Aurora leaves no doubt upon first impression that her owner wanted something different. The very nature of custom-yacht construction means owners are not content with what is widely and readily available for delivery. However, when owners opt for classic, traditional styling, they risk having something that blends in. The owner of Aurora definitely did not want that. It’s among the reasons why he selected Rossinavi to build her. None of its deliveries looks the same. In addition, in combination with stylist Fulvio di Simoni, his 161-footer (40-meter) is at once immediately recognizable and, equally vital, functional.
The forward-most sections give Aurora that immediately recognizable profile. Dramatic cutouts lend a look in to an alfresco lounging area. Aft, note the arcs that flow up from the main deck to the sundeck overhang. The design inspiration comes from the automotive world, specifically race-car air vents. Interestingly, according to di Simoni, what you see is exactly what he first penned for the owner. Indeed, except for the hot tub on the terrace-like aft deck, the owner approved every original element of di Simoni’s design, a rarity. Consider, though, that the terrace effect affords the owner and guests multiple alfresco areas to enjoy. In fact, the way the transom is styled, they can do so out of sight of prying eyes when Aurora is stern-to. Two sets of steps separate a shaded dining level (just off the saloon) from the hot tub level.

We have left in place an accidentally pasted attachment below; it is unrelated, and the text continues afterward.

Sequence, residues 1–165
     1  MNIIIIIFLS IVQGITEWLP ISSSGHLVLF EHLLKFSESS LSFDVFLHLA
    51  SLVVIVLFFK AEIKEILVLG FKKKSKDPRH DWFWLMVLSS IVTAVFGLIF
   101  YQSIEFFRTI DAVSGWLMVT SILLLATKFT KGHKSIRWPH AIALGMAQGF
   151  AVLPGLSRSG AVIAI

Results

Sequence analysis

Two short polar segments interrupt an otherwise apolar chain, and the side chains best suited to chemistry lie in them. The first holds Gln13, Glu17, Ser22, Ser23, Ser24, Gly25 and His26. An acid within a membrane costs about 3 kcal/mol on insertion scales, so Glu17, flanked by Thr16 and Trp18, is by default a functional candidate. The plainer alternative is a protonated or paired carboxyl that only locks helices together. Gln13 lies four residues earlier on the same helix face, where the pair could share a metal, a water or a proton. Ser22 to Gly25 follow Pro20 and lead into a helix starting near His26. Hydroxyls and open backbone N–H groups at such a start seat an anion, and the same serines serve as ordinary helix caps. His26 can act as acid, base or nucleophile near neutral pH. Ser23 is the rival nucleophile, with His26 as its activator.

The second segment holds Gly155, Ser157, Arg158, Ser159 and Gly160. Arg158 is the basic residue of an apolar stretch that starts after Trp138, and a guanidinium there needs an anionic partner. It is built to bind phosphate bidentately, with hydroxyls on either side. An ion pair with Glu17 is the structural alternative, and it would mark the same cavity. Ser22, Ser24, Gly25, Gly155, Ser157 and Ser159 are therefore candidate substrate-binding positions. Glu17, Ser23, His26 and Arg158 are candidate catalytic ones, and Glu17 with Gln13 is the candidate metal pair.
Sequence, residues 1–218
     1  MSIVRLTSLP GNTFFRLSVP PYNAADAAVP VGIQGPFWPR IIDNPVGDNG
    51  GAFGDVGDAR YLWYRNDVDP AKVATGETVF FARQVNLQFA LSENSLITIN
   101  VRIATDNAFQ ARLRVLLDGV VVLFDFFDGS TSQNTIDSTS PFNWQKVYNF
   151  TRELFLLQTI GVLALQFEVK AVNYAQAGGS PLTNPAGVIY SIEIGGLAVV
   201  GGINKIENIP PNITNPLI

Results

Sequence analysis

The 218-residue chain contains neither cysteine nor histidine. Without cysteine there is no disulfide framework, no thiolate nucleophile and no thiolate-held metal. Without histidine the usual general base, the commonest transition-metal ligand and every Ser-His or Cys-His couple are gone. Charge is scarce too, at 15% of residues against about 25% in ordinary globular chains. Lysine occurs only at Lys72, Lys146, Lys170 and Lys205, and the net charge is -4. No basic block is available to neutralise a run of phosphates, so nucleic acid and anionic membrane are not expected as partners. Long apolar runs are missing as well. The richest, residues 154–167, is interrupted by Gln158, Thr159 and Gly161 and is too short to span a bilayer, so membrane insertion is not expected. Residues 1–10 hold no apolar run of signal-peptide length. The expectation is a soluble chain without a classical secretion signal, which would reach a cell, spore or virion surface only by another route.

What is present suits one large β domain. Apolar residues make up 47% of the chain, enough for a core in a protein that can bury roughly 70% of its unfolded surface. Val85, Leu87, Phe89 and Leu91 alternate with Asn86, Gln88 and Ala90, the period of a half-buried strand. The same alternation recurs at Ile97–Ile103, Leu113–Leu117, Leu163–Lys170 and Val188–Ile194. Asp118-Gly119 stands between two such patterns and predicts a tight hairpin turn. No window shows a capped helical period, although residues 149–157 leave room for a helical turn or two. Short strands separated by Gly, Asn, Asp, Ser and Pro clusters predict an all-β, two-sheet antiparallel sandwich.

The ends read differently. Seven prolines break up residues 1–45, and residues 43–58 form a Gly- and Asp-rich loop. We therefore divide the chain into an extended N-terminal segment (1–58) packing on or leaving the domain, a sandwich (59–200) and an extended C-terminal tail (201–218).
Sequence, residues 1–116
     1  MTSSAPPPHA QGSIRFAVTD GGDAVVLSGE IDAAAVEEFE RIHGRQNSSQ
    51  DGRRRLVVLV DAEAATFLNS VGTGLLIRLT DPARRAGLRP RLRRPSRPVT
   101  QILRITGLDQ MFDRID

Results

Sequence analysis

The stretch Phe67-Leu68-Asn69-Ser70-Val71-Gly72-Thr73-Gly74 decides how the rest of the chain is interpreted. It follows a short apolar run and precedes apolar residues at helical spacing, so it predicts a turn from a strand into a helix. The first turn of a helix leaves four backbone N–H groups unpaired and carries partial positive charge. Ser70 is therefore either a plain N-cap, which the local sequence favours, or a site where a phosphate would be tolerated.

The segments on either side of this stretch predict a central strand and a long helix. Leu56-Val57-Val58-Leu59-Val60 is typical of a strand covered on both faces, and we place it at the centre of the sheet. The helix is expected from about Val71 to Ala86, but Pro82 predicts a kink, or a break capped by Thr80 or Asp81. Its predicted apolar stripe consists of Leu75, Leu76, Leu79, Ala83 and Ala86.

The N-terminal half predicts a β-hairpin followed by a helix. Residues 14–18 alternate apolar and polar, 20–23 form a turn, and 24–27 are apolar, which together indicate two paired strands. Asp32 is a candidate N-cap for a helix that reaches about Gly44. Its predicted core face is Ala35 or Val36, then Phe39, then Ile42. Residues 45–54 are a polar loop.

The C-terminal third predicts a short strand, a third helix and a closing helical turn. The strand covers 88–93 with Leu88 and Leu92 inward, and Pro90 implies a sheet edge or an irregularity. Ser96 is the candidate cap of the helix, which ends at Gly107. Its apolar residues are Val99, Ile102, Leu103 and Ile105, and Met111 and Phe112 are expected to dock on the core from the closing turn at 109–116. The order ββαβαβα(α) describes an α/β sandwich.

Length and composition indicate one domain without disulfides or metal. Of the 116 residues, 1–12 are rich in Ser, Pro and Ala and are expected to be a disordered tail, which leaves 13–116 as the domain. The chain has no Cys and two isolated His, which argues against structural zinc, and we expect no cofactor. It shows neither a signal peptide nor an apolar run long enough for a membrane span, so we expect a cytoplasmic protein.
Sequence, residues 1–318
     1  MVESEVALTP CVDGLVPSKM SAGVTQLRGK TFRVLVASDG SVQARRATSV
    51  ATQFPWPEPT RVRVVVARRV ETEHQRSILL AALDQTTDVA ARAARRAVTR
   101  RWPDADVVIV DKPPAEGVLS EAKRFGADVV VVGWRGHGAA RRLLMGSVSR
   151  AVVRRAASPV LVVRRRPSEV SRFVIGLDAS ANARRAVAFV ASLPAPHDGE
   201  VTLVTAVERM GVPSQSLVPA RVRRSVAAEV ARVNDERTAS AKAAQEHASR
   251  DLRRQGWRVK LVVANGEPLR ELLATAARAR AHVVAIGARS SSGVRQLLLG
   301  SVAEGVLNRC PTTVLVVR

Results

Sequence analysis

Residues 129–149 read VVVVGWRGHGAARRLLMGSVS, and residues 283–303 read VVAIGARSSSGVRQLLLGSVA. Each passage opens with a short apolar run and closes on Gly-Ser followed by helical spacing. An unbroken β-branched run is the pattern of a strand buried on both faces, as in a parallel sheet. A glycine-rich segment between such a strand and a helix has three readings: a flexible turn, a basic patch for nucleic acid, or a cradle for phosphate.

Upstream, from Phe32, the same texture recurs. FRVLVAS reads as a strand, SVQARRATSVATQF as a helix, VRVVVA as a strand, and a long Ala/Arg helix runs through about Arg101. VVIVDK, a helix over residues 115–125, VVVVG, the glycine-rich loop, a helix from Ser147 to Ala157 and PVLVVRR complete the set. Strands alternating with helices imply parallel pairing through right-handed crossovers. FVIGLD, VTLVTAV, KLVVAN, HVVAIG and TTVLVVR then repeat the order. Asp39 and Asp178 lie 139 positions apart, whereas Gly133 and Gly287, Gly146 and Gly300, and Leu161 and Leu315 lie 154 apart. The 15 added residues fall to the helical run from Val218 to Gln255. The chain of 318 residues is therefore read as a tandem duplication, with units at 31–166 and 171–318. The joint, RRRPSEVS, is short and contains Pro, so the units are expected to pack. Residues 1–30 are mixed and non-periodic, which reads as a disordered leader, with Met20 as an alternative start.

Youthful in attitude as well as age (still in his 20s), the owner was intent on Aurora being a sociable setting. Furthermore, according to Federico Rossi, COO of Rossinavi, he actively sought the shipyard’s input into whom to select for interior design. Without hesitation, Rossi says, the build team recommended Achille Salvagni. Together, Salvagni and the owner created an open-concept arrangement for Aurora, with a beam of 29’2” (8.9 meters), In combination with curves galore, from custom furnishings to limed oak walls, the megayacht has a fresh, relaxed, yet still sophisticated atmosphere. For example, a commodious, curving settee faces aft in the saloon, to both a television and the great outdoors.
Saloons are a significant theme aboard this yacht. Indeed, Aurora has three. Besides the main saloon (open to the dining area, above) and upper-deck zones, she has what Achille Salvagni considers a “beach saloon.” It’s a blend of a beach club and a true saloon, for watching movies (or live video footage fed from a forward camera) and spending time with friends. It also blends in a dining area, the latter tucked a bit farther inside to benefit from full shade.
With sinuous foyers leading past a wine-cellar wall to one of the two master suites (the other up a deck and aft), Aurora keeps the visual interest high. Glossy and satin-finished woods, metals, marbles, and other materials catch your eye. They all combine in the master suite, in fact. Here’s where essentially the only straight lines come into play as well, in the three huge ports facing forward. They let the owner look out onto the sunning area on the foredeck. The owner also has a balcony, naturally, at his disposal.
With another main-deck stateroom and three more below, Aurora caters to a customary crowd. The reported 3,800-nautical-mile range at 12 knots is plenty to take them around the Med and more. Engineered as a fast-displacement megayacht, by Arrabito Naval Architects, she sees a reported 21-knot top end, too, with her twin 3,460-hp MTUs. It all comes down to why the owner commissioned her in the first place: functional, yet fun.
Here is more of Aurora, including some yet-unpublished photos of her artistically inclined interior.